Acute angles between 2 vectors Watch

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jjr14
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#1
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(This question is off the edexcel C4 specimen paper, question 5c)

How do I find the acute angle between 2 vector lines? They are 3D vectors and their equations are:

r=5i+3j-2k+(lamda)(i-2j+2k)
r=2i-11j+14k+(mew)(-3i-4j+5k)


Also, how do I integrate:
1/((1+tanx^2)^2)

Be grateful for any help!
jjr14
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Gaz031
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(Original post by jjr14)
(This question is off the edexcel C4 specimen paper, question 5c)

How do I find the acute angle between 2 vector lines? They are 3D vectors and their equations are:

r=5i+3j-2k+(lamda)(i-2j+2k)
r=2i-11j+14k+(mew)(-3i-4j+5k)


Also, how do I integrate:
1/((1+tanx^2)^2)

Be grateful for any help!
jjr14
For the vector question you want to use the scalar product. a.b=(moda).(modb).cost.

For the second question use the identity 1+(tanx)^2=(secx)^2 which is derived from dividing (sinx)^2 + (cosx)^2 =1 by (cosx)^2.
You mean then want to use the double angle formulae cos2A=2(cosA)^2 - 1 to put the expression in terms of multiple powers that are raised only to the power of 1.
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nas7232
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question 1 - issit the direction vectors you use?
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Gaz031
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(Original post by nas7232)
question 1 - issit the direction vectors you use?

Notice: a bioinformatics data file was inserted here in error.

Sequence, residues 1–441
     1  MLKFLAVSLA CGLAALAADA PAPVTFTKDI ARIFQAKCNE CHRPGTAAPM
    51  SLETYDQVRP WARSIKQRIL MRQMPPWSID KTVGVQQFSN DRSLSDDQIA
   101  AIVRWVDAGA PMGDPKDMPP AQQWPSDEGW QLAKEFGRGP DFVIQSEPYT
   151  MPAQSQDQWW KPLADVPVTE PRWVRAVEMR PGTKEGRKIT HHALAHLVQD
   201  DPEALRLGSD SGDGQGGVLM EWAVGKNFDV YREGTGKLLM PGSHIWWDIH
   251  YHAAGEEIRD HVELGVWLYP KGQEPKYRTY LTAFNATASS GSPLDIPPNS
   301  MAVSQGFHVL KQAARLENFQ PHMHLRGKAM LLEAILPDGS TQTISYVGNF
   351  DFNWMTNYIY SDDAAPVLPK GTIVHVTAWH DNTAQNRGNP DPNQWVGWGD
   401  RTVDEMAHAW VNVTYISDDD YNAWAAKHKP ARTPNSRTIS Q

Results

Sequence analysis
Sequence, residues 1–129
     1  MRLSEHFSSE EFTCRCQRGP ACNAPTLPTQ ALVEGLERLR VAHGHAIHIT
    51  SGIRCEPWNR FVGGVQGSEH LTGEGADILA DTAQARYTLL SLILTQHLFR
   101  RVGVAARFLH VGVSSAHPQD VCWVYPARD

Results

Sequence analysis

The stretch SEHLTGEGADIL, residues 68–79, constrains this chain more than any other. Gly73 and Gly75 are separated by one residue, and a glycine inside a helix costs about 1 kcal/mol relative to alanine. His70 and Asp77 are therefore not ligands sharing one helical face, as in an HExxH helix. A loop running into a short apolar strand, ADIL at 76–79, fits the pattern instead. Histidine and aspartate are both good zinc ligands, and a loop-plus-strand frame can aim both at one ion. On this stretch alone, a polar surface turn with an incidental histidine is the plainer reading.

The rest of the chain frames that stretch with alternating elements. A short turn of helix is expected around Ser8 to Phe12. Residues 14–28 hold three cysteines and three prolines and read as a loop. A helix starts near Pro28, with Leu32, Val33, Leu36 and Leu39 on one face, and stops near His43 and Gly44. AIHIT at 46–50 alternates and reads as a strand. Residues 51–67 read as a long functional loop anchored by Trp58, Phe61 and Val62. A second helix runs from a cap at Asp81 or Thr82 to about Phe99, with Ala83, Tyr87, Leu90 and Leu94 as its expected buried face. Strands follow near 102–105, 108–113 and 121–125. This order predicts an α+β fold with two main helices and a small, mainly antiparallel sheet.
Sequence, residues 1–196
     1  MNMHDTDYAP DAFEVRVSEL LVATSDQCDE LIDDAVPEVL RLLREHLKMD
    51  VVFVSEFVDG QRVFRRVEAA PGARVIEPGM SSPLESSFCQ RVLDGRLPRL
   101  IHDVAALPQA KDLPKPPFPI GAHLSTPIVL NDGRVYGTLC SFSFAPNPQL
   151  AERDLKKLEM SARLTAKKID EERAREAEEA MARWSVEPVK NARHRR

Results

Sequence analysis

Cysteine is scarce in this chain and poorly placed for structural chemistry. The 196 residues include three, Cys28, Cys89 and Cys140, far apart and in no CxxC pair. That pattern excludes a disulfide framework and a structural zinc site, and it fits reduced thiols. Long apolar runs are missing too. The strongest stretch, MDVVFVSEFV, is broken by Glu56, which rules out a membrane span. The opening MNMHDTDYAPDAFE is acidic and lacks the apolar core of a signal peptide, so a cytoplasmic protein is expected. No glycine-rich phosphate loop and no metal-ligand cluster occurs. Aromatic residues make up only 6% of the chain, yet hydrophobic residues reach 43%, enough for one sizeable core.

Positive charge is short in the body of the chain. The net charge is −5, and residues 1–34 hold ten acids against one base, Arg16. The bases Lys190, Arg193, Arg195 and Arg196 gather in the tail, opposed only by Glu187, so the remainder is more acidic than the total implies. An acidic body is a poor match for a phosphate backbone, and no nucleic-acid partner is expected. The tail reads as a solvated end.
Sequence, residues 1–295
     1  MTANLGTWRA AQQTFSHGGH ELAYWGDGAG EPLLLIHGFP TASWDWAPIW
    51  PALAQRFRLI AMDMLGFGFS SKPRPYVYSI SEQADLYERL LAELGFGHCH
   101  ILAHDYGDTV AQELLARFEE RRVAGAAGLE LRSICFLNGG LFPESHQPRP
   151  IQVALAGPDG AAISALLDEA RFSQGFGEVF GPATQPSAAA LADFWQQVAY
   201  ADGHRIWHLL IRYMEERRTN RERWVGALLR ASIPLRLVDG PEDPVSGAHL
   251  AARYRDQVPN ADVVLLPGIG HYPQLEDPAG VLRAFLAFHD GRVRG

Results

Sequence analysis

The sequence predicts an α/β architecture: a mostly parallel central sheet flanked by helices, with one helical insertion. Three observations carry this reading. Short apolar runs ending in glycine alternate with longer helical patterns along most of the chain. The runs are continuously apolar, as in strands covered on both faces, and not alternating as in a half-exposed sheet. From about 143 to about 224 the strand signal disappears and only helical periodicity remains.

yes.
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jjr14
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sorry i don't quite get this. i use the identidy and get
1/(1+sec^2 x - 1)^2 which is really 1/(sec^2 x)^2 but where do I go from here? I don't get how the double angle formula comes into it.

here's an idea to get your head round:
is 1/(sec^2 x)^2 not the same as 1/(sec^4 x)?
i know that if i integrate sec^2 x i will get tan x so would it not follow that if i had sec^4 x i'll get tan^2 x when i integrate. might this help me in some way or have i gone completly wrong!
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dvs
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No! Just because the integral of sec²x is tanx, doesn't mean the integral of (sec²x)^n is (tanx)^n.

As Gaz said, use the double angle formula for cosx:
cos2x = 2cos²x - 1
=> cos²x = (cos2x + 1)/2

Sub this in your expression:
(cos²x)² = [(cos2x + 1)/2]² = (cos²(2x) + 2cos2x + 1)/4

Now use the double angle formula again for cos²(2x):
cos²(2x) = (cos4x + 1)/2
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jjr14
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but where does the cos^2 x come into it - i've only got tan and sec so far!
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dvs
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1/secx = cosx
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jjr14
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#9
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see where your coming from now - will try and work it through now. thanx )
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